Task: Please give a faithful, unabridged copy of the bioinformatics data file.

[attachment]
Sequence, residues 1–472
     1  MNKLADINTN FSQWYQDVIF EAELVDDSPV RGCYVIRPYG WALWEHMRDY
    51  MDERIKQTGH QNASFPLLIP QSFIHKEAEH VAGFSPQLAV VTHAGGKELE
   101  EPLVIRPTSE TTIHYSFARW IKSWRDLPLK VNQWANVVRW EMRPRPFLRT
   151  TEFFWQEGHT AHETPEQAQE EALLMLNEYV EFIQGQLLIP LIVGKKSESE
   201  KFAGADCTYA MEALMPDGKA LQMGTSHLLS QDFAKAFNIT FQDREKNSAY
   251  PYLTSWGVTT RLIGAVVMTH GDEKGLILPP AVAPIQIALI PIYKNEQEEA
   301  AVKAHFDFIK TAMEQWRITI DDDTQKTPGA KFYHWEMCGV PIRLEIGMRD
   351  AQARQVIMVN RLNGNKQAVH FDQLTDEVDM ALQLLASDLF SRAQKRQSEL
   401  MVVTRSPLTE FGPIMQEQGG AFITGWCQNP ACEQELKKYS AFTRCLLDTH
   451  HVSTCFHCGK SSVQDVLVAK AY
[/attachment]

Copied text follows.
Sequence, residues 1–472
     1  MNKLADINTN FSQWYQDVIF EAELVDDSPV RGCYVIRPYG WALWEHMRDY
    51  MDERIKQTGH QNASFPLLIP QSFIHKEAEH VAGFSPQLAV VTHAGGKELE
   101  EPLVIRPTSE TTIHYSFARW IKSWRDLPLK VNQWANVVRW EMRPRPFLRT
   151  TEFFWQEGHT AHETPEQAQE EALLMLNEYV EFIQGQLLIP LIVGKKSESE
   201  KFAGADCTYA MEALMPDGKA LQMGTSHLLS QDFAKAFNIT FQDREKNSAY
   251  PYLTSWGVTT RLIGAVVMTH GDEKGLILPP AVAPIQIALI PIYKNEQEEA
   301  AVKAHFDFIK TAMEQWRITI DDDTQKTPGA KFYHWEMCGV PIRLEIGMRD
   351  AQARQVIMVN RLNGNKQAVH FDQLTDEVDM ALQLLASDLF SRAQKRQSEL
   401  MVVTRSPLTE FGPIMQEQGG AFITGWCQNP ACEQELKKYS AFTRCLLDTH
   451  HVSTCFHCGK SSVQDVLVAK AY